And, finally, number three: preventing the distribution of unlawful and “harmful” content. Again, one has to wonder what the fuck happened to the legacy entertainment industry that it would now be advocating for some sort of legal ban on “harmful content.” Remember, this is the same industry that has regularly been accused of producing “harmful” TV shows, movies and music. And now they’re on record speaking out against harmful content? How quickly do you think that’s going to boomerang back on Hollywood concerning its own content.
It’s almost as if Hollywood is so focused on its hatred of the internet that the geniuses they brought in to run these front groups have no clue how their own arguments will end up shooting content creators right in the foot. I mean, if we’re going to stop “harmful” content, doesn’t that just give more fodder to religious groups attacking the legacy entertainment industry over “blasphemy,” sex and drugs? Won’t groups advocating against loosening morals use that to demand that Hollywood stop producing films that support these kinds of activities. Or what about violence, which Hollywood has glorified for decades.
Now, some of us who actually support free speech recognize that Hollywood should be able to produce those kinds of movies and TV shows and musicians should be able to record whatever music they want. But we also think that internet platforms should be open to decide what content they allow on their platforms as well. It’s a shame that Hollywood seems to think free speech is only important in special circumstances when it applies to professionally produced content. Because that’s exactly what this letter is suggesting.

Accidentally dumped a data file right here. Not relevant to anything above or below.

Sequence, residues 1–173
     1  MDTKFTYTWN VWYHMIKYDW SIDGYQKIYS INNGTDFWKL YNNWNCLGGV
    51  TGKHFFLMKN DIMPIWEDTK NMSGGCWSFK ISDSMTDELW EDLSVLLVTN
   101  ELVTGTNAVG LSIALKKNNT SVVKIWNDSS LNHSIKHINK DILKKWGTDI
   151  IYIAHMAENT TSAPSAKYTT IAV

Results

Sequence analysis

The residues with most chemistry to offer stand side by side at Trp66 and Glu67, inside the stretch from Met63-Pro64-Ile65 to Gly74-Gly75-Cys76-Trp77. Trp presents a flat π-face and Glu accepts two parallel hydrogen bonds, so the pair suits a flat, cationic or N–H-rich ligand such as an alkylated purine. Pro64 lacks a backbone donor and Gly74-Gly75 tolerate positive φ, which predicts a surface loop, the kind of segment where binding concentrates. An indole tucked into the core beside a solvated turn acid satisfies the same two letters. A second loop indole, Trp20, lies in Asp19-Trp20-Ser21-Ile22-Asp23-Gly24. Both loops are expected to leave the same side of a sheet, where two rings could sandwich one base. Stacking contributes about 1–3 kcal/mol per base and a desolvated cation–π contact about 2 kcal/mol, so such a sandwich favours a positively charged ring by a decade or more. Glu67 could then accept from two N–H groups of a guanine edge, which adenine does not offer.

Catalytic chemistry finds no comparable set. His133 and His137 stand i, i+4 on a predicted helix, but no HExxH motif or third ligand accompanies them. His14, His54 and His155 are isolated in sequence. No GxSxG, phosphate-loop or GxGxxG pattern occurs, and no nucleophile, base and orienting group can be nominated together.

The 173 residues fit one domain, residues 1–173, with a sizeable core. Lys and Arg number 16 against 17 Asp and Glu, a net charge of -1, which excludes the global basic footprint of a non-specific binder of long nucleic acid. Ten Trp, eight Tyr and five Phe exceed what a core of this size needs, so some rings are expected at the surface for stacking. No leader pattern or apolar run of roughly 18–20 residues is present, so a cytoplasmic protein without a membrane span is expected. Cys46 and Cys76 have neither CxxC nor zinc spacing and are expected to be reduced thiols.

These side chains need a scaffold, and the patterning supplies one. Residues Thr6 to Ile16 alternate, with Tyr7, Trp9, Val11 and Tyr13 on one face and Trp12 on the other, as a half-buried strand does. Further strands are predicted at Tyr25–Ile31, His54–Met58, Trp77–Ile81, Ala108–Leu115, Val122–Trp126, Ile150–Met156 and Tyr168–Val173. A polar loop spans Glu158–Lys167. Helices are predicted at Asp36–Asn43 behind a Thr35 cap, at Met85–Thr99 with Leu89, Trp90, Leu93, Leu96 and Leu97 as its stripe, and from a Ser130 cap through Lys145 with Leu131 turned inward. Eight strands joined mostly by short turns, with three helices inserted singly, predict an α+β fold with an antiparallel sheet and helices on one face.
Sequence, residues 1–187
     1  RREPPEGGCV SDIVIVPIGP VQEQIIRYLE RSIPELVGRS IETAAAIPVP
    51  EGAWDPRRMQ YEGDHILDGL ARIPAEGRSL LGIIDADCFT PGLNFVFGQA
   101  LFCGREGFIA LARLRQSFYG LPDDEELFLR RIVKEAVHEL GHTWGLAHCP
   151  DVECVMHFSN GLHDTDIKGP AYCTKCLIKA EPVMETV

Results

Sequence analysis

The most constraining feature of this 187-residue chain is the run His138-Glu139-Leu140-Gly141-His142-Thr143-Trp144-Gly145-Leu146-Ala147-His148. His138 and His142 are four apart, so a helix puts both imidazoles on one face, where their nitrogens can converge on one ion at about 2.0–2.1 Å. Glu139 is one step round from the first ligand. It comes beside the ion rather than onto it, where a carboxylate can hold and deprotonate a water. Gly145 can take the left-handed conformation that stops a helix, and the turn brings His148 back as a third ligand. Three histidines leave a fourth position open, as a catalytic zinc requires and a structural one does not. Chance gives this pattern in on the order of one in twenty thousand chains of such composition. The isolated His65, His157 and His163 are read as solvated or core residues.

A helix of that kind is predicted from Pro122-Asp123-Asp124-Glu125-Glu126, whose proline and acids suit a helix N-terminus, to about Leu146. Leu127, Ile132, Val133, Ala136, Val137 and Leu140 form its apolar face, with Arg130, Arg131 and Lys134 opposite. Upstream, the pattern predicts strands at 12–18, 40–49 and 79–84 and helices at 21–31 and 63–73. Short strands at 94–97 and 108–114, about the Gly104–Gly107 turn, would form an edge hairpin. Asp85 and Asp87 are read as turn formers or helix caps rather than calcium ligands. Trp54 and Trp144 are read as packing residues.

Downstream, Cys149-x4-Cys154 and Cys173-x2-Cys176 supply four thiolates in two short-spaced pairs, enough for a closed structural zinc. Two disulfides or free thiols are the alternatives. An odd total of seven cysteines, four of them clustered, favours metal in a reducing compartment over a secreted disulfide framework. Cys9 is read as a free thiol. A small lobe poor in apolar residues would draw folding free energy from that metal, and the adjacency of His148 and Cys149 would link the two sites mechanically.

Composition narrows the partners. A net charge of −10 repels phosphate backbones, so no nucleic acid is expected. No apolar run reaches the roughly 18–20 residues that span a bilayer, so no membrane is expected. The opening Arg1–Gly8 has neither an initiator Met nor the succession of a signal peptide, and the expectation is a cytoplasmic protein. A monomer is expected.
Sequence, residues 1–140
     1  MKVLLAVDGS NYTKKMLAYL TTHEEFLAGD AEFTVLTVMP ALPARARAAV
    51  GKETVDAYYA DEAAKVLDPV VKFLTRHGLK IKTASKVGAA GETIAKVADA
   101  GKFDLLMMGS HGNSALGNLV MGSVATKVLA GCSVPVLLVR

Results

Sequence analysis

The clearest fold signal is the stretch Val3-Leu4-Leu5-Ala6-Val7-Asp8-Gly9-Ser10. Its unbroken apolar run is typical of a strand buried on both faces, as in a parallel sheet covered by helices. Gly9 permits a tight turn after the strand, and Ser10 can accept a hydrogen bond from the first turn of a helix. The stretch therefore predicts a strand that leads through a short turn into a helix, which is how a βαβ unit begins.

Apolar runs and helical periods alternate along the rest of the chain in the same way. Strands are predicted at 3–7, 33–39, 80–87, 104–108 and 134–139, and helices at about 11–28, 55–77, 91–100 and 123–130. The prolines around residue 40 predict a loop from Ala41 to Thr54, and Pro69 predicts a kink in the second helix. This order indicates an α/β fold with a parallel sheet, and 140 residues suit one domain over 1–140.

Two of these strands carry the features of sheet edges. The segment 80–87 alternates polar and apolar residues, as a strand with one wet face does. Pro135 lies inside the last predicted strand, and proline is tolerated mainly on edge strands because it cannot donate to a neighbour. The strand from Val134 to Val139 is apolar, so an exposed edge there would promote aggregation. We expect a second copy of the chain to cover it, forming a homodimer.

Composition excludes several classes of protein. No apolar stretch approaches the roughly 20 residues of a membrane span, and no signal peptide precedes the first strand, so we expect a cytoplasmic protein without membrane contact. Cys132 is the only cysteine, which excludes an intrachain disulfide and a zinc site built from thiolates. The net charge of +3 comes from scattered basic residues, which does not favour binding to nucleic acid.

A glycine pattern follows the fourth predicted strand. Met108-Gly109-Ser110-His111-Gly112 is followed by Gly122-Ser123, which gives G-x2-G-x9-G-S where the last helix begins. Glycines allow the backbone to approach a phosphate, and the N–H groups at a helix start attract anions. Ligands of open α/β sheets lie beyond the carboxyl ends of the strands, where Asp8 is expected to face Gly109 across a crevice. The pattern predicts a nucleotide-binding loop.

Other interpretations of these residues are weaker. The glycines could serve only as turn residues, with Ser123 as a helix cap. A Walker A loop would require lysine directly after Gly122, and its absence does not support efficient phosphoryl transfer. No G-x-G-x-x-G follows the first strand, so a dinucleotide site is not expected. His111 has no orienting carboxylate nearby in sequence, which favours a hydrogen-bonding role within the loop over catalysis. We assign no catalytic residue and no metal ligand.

The letter also includes this nonsense:
The real problem is not Facebook, or Mark Zuckerberg, regardless of how sincerely he seeks to own the ?mistakes? that led to the hearing last week. The problem is endemic in a system that applies a different set of rules to the internet and fails to impose ordinary norms of accountability on businesses that are built around monetizing other people?s personal information and content.
This is… wrong. There isn’t a “different set of rules.” CDA 230 and DMCA 512 are both rules designed to properly apply liability to the party who actually breaks the law. Both of them say that just because someone uses a platform for illegal behavior it doesn’t make the platform liable (the individual is still very much liable). That’s not a different set of rules. And to argue that internet companies are not “accountable” is similarly ridiculous. We have a decently long history of the internet at this point, and we see, over and over again, when companies get too powerful, they become complacent. And when they do dumb things, competitors spring up, and the older companies fade away.
Hollywood, of course, isn’t quite used to that kind of creative destruction. The major studios of the MPAA are 20th Century Fox (founded: 1935), Paramount (founded: 1912), Universal Studios (founded: 1912), Warner Bros. (founded: 1923), Disney Studios (founded: 1923) and Sony Pictures (which traces its lineage back to Columbia Pictures in 1924 or CBC Film Sales Corp in 1918). In other words, these are not entities used to creative upstarts taking their place. They work on the belief that the big guys are always the big guys.
And, really, at a time when many of Hollywood’s biggest names are being brought down in “me too” moments, when it’s clear that they had institutional support of their abuse going back decades, is it really appropriate for Hollywood, of all places, to be arguing that the tech industry needs to take more responsibility? This seems like little more than a hypocritical attempt by the usual MPAA front groups to kick Facebook while its down and try to use the anger over Facebook’s mistakes to try to chip away at the internet they’ve always disliked.